The Metafilter Emotional Labor Thread
The linked article from the Toast which this thread discusses is itself terrific, and I’d emphatically suggest reading it first, but the many, many anecdotes and elaborations in this thread really drive the points home.
If you’ve heard the term “emotional labor” but don’t fully understand it, this is the place to go.
On the Phenomenon of Bullshit Jobs - David Graeber
A brief diagnosis of why so many of our jobs just don’t seem to matter.
This essay was later expanded into a full-length book similarly titled Bullshit Jobs. It’s not bad, but there’s too much fluff in it for me to recommend it unconditionally. The best bit is the taxonomy of bullshit jobs, which is briefly discussed in the book’s Wikipedia entry.
The Night Watch - James Mickens
An ode to systems programming, presented almost entirely without hyperbole.
“I have no tools because I’ve destroyed my tools with my tools.”
Engelbart’s Violin - Stanislav Datskovskiy
An argument for the value of expert interfaces in computing. Focuses on chorded keyboards, but the idea generalizes.
Professional equipment, whose mastery requires dedication and mental flexibility, may not be appropriate for casual users. But surely it is appropriate—in fact, necessary—for professionals?
Reversing the Technical Interview - Kyle “Aphyr” Kingsbury
If you want to get a job as a software witch, you’re going to have to pass a whiteboard interview.
Also the inspiration for the title of our own little intermittent webcomic.
Fiction in the Age of Screens - Erik Hoel
The novel is almost unique as a medium in that it gives us a direct view into a character’s inner life. What are they thinking? How are they feeling? What is it like to be a character? Novels let us peer directly inside someone’s mind in a way that even the best television or theater can’t; we can directly experience Raskolnikov’s thoughts, but we can only observe how Tony Soprano acts.
The Rules for Rulers - CGP Grey
A video analyzing the ways in which an “absolute” monarch is constrained. Everyone rules through other people (even the most despotic ruler has generals, a chief of police, some folks that manage the economy, and so on), and they need to keep them happy.
A terse rebuttal to arguments in favor of an absolute monarchy, which apparently we now have to have sometimes because we live in the dumbest timeline.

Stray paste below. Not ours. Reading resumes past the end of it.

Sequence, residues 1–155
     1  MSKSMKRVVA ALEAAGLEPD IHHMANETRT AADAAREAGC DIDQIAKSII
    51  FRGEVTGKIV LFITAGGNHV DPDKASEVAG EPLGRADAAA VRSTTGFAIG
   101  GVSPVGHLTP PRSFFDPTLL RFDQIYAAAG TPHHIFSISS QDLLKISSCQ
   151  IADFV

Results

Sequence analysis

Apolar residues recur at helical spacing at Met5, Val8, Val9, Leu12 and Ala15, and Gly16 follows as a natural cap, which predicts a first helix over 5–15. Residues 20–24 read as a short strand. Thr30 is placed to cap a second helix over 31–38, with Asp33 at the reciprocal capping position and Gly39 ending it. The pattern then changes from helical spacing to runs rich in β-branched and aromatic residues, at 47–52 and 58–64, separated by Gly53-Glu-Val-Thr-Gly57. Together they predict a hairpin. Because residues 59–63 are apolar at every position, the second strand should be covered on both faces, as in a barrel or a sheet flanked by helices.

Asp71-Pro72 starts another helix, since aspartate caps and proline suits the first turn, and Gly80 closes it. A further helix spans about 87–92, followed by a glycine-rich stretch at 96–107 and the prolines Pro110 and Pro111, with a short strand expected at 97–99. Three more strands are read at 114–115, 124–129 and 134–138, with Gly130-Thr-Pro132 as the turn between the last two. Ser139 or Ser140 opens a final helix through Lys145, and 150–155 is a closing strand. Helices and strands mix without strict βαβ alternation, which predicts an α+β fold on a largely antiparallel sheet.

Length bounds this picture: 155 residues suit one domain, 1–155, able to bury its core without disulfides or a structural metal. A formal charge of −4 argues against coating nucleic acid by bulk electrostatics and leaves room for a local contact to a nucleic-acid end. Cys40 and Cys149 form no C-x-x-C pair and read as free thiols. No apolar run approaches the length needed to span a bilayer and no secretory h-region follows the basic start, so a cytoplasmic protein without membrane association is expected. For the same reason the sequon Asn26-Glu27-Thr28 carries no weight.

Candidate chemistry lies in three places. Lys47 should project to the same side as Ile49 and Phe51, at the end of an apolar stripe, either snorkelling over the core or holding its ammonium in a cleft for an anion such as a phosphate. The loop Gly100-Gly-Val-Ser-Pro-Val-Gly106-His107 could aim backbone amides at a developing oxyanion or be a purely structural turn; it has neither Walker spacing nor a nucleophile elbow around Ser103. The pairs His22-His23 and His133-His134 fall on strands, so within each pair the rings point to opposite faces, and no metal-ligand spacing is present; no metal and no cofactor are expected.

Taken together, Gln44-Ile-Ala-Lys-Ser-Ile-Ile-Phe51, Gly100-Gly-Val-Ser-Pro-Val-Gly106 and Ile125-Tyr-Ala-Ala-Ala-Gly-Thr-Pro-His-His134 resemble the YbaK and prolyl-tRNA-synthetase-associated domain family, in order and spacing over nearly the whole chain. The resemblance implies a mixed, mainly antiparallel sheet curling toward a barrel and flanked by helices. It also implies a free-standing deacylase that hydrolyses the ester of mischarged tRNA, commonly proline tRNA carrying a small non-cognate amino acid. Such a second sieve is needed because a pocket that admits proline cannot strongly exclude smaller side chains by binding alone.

The Tyranny of Stucturelessness - Jo Freeman
Every organization has a power structure. Those structures can either be explicit, organized, and intentional, or implicit and hidden.
A nice argument against attempts to abolish hierarchies without replacing them with anything else (see: holacracies,2 “flat” organizations, and so on).
The 3-Ladder System of Social Class in the US - Michael O. Church
In the US we collectively pretend that social class doesn’t exist (as opposed to economic class, which we usually acknowledge). But it does, of course; there’s more to class than just income! This article explores some of the differences between the classes’ values, and, most interestingly, details the ramifications of trying to jump between class ladders.
I don’t see this passing any kind of sociological peer review, and there’s a certain paranoid and conspiratorial tone to this article that I don’t endorse, but as someone who, in the terms of the article, grew up on the L ladder and hopped to G, a lot of this feels relatable to me.
The Future of Programming - Bret Victor
Bret Victor, presenting as if it’s 1973, discusses the future of software based on some promising directions in contemporary research. An enlightening, if depressing, vision of what might have been.
Lenses - Glyph
An eloquent description of the experience of having ADHD, paired with some practical advice for coping with executive dysfunction.
I, Podius - John Hodgman & Elliott Kalan
A twelve-episode podcast in which two nerds watch and comment on the classic 1976 BBC series I, Claudius. One of those things that feels as if it were clearly made for me, in particular.
The Non-Judgmental Guide to Getting Seriously Into Tea - Max Falkowitz
I’m in the process of getting seriously into tea myself, and this is a nice overview. What factors make teas different from each other, and how should tea be prepared?
How To Take Smart Notes - Tiago Forte
A review and summary of Sönke Ahrens’ book How to Take Smart Notes.
If you’re not going to read the book, which I very much recommend, this is probably the next best thing.
My favorite tweet.
is there anything more capitalist than a peanut with a top hat, cane, and monocle selling you other peanuts to eat
Consider Becoming a Ham Radio Dork - Mammoth Guy
The essay that piqued my interest in ham radio. Describes the process of getting a license and recommends some good starter equipment.
A theory of how political and media figures can stoke violence while maintaining plausible deniability.
Legal Systems Very Different From Ours - David D. Friedman
A draft of a book on some offbeat legal systems. Includes: Amish law, Somali law, Athenian law, and some comparative analysis on embedded legal systems and enforcement mechanisms.
Friedman’s a libertarian economist as well as a law professor, so he’s mostly looking at these in terms of incentive systems and equilibria and whatnot, which can be an interesting perspective.
The full print book includes some more material, like sections on pirate law and Icelandic feud systems.
How to Quit a Top Tier Tech Job - Oliver Zheng
BigTech works hard to make quitting emotionally traumatic and therefore unthinkable. This is a guide to examining your motives and constructing a narrative that lets you get out.
Telescope Building - John Dobson
John Dobson, creator of the Dobsonian telescope, teaches you how to build one, including by grinding your own lenses.
I haven’t done this yet, but someday.
GTD in 15 Minutes - A Pragmatic Guide to Getting Things Done
A brief summary of the main ideas in David Allen’s excellent book Getting Things Done.
The book itself is still probably worth reading for most people, but 80% of it’s in here.
Butterick’s Practical Typography - Matthew Butterick
Overview of typography for (mostly amateur) designers. Provides some clear suggestions to make your text look good.